It has been my experience that tremendous resources, in all kinds of organizations, are expended trying to solve the same problems over and over again. In one case, a manufacturing organization had been struggling with its union for more than 10 years over constant and chronic problems and attendant grievances of overtime scheduling. The parties had "solved" this problem, by their count, 12 times only to see it come up again and again!
After three days of focused, disciplined problem solving, the problem was finally solved and has remained solved for more than three years!
When asked what was different this time, the response was , "we spent the time to do it right!"
We seem to have plenty of time to spend on solving the same problem over and over again!
THE STEPS IN DETAILStep 1. Identify and define the problem. This critical first step is the one where most of us make our biggest mistake. Too often we do not take the time to ensure that we have truly defined the problem and the often problem solve only a symptom of the problem or even the wrong problem. Successful problem solving is doomed from the start!
For example: I live about 10 minutes from my golf course and like to get to the course about 30 minutes prior to my tee time to warm up. One day I go out to my car about 40 minutes prior to my tee time and get into the car to drive to the course. I put the key in the ignition and turn the key. The car won't start. What's my problem? Low battery? Bad starter? What?
My problem is that my planned mode of transportation to the golf course is not going to work in the time frame I have in mind. The fact that my car won't start is a symptom or cause of my problem - getting to the golf course on time!
Tests of a good problem statement:
- Avoid frame the problem in such a way that a solution if implied
- Implies the objective or outcome we want to achieve
- States the situation we wish to change
- Is objective and specific
- Distinguishes problems from causes or symptoms.
Step 2. List ALL possible causes of the problem. Too often we begin to list all causes of the problem and get caught up in our own biases and prejudices and completely overlook the real cause. Not being clear on what ALL possible causes of the problem might be, we cannot expect our solution(s) to be effective or lasting
- Gather relevant data
- Make sure state a possible cause; not just a fact
- Complex problems may have more than one true cause
- When a true cause is corrected, the problem will no longer exist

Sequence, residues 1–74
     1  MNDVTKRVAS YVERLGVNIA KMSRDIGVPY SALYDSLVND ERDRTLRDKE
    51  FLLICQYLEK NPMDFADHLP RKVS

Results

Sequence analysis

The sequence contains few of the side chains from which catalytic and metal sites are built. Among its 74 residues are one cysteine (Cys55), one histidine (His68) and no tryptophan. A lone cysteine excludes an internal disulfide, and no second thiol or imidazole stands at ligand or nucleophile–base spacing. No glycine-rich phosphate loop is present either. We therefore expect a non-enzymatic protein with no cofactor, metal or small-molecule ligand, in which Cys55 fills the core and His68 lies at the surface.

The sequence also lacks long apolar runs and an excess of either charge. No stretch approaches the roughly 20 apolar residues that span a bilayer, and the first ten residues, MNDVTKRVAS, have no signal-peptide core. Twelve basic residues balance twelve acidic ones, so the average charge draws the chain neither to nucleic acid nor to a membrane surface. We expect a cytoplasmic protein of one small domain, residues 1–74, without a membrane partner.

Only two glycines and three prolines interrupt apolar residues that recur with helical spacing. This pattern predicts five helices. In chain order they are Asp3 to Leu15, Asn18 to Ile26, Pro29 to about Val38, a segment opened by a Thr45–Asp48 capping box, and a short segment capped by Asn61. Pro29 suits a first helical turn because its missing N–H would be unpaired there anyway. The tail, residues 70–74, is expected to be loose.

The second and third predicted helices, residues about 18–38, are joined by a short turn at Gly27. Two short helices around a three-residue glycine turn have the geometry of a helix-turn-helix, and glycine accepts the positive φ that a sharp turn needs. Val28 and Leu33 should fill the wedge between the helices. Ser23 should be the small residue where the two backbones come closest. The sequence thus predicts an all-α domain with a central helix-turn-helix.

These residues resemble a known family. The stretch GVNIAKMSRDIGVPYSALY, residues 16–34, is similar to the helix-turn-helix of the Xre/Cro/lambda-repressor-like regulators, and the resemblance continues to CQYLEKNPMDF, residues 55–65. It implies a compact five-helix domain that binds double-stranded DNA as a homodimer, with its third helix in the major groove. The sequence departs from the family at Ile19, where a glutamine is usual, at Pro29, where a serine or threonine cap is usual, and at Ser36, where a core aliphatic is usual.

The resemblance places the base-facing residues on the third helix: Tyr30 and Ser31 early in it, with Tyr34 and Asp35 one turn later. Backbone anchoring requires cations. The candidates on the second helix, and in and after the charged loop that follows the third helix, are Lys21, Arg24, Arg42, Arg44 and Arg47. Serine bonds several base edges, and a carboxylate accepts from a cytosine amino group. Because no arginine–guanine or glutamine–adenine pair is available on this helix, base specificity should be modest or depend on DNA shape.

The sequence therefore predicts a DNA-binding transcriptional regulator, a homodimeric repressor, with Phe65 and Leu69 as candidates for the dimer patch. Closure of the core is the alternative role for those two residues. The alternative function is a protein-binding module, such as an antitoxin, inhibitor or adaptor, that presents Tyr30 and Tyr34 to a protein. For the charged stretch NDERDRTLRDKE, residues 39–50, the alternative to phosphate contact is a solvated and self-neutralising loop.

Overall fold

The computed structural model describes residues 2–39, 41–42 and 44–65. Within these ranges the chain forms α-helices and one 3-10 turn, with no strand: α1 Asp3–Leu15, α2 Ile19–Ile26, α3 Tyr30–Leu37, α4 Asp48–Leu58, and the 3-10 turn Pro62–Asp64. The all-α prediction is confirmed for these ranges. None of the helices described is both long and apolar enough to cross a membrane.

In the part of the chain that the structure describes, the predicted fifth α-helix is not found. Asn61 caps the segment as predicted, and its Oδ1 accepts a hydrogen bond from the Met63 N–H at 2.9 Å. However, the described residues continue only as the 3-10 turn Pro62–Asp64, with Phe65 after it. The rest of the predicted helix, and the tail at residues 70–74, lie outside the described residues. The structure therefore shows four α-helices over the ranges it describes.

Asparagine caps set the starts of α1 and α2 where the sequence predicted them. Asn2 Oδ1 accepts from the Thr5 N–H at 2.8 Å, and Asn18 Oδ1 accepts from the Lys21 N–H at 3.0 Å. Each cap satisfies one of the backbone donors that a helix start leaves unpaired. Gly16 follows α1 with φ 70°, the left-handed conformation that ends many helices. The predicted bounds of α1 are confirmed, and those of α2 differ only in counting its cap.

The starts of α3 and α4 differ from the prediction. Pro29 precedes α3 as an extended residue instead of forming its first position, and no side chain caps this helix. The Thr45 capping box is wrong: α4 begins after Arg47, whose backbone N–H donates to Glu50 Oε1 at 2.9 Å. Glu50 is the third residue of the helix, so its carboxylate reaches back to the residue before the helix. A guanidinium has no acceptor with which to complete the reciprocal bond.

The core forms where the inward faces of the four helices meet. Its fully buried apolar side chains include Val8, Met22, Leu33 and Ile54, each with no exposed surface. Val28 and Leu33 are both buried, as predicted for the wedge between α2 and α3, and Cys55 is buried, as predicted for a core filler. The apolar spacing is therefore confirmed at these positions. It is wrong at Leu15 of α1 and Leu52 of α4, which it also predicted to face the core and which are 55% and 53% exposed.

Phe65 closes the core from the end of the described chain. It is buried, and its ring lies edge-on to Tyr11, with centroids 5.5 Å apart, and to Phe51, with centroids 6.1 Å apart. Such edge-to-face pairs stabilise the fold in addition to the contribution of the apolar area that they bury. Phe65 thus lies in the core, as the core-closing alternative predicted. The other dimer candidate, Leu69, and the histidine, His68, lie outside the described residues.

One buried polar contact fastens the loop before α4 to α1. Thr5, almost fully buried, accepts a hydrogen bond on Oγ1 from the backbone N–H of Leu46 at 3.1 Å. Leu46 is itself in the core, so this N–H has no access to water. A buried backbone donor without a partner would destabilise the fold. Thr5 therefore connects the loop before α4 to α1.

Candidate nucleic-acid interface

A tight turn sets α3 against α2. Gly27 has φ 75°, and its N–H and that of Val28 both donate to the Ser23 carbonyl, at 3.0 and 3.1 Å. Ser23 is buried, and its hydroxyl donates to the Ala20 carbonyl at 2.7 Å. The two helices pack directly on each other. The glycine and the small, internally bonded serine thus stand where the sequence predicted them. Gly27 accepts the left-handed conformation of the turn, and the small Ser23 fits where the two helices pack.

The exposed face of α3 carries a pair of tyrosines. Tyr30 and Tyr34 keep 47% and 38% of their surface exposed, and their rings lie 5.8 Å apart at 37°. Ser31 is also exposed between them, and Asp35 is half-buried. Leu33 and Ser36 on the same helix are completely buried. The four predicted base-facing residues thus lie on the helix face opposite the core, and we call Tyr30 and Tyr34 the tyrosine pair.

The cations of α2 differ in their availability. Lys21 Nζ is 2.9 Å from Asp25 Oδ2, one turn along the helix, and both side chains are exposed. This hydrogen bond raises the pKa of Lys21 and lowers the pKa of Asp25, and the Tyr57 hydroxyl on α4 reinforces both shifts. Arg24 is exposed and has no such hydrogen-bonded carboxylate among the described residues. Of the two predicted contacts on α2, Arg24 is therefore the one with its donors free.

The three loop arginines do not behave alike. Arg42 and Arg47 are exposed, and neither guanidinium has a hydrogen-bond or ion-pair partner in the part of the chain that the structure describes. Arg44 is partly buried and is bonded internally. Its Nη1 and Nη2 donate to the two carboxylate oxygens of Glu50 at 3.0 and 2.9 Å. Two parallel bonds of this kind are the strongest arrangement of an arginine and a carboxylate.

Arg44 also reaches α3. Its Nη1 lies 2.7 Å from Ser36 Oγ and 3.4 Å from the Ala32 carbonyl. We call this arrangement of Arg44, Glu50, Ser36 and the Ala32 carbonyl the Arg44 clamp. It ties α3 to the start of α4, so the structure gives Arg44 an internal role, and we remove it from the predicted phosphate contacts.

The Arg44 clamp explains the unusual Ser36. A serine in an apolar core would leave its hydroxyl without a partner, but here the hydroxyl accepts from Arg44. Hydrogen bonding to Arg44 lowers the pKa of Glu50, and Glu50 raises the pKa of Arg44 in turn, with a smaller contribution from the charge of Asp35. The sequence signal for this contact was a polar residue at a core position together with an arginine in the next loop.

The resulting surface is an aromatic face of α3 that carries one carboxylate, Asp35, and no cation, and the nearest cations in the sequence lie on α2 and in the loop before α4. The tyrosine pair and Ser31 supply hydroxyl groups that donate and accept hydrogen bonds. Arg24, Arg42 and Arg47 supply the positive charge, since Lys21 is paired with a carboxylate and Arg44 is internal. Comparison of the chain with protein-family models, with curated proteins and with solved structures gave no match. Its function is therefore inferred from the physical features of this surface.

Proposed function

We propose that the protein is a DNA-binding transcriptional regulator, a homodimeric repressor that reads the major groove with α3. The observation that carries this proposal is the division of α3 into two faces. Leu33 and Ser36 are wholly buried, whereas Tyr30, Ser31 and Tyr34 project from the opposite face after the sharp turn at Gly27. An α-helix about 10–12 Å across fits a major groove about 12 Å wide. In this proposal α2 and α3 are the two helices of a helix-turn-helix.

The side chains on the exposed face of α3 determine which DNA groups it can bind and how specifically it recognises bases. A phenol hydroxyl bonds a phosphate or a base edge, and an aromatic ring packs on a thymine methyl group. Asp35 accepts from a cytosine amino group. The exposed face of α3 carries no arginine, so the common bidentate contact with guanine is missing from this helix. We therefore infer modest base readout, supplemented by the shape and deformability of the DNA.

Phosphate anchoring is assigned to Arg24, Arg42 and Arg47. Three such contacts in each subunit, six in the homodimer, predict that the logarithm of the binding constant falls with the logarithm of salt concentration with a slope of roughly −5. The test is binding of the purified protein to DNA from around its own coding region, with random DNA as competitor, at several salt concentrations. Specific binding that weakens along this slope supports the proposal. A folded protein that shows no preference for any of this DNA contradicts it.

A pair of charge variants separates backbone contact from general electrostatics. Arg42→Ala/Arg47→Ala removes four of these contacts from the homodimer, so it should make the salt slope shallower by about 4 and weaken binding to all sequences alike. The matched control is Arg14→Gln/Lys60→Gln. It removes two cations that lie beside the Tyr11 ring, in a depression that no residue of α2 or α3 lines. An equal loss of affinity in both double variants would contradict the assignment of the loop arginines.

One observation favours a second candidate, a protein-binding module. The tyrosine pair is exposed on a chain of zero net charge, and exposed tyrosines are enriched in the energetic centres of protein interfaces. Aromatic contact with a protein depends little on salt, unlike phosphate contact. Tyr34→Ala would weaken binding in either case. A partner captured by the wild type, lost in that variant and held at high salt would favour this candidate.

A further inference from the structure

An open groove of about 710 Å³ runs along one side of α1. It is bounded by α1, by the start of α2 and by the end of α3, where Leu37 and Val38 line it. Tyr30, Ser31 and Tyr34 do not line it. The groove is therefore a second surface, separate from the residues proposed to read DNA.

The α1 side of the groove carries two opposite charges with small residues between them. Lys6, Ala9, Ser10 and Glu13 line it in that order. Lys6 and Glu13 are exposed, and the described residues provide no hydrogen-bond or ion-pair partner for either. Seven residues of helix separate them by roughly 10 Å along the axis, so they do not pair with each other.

- Describe the problem in five areas:
- What went wrong?
- Where did it occur?
- When did it occur? Once? Continually?
- Who was involved?
- How serious is the problem? What is its impact?
Step 3. List ALL possible solutions. Avoid becoming trapped in your own initial ideas of a solution should be. Work as hard as possible to generate as many alternative solutions as possible. Maximum creativity and imagination is critical. Do not eliminate ANY ideas at this point, regardless of how impossible they may seem.
- Generate action solutions
- Think creatively
- Focus on what is good with an alternative and build on it
- Do not jump at the first
- idea that seems workable
- Will the alternative lead to concrete, measurable action?
Step 4. List guidelines for satisfactory solutions. What are all the qualities the solution(s) must have in order to work, including people, departments/agencies, measures, and activities that must be satisfied with any solution(s) selected. The actions taken in steps 1 - 3 are for naught if the solution(s) cannot possibly be implemented due to costs, impact on the business, politics, etc.
Guidelines are criteria that you want a solution or solutions to meet. For example, the solution(s) must solve the problem; or, must be implementable with current manpower and/or budget; or, must deliver results within ______(period of time).
- Divide your list of guidelines into three categories
- "Must" - solution(s) must meet these or it will and should be rejected
- "Want" - not essential that solution(s) meet these, but it would be nice
- "Not at all" - should not be a guideline at all.
- Rate each solution first against each "must" guideline.
- Rate remaining alternative solutions against the "want" criterion.
- Check each alternative solution against the problem statement (step 1)
- and the list of possible causes (step 2). Does it address both?
Step 6. Select the best solution(s). If steps 1 - 5 have been done well, this step is quite simple. The solution (or combination of solutions) will generally meet all the "musts" and the largest portion of the "wants" while addressing the problem statement and the alternative causes developed in step 2.
Most problems will require a combination of solutions rather than a single alternative solution. The problem solver must determine how the alternatives selected can best be combined into an integrated whole.
Step 7. Develop plan for implementation. The key elements of an effective plan include:
- What needs to be done to implement the solution(s)?
- Who will do it?
- When will it be done?
Refer to "BACKWARD PLANNING" for suggestions for development of the actual plan.
Step 8. Implement the solution(s)! Execute the plan.
Step 9. Follow up. Provide oversight, guidance and support to assist in the implementation of the action plan. How is the plan progressing? What are the problems with implementation, if any? What assistance and support can you provide?
It's up to you! As stated in the old Framm oil filter commercials, " You can pay me now, or you can pay me later."
If you don't engage in a disciplined problem solving process, you will be spending your time and the time of the organization solving the same problems over and over again. The competitive pressures of a global marketplace simply won't allow solving the same problems over and over again.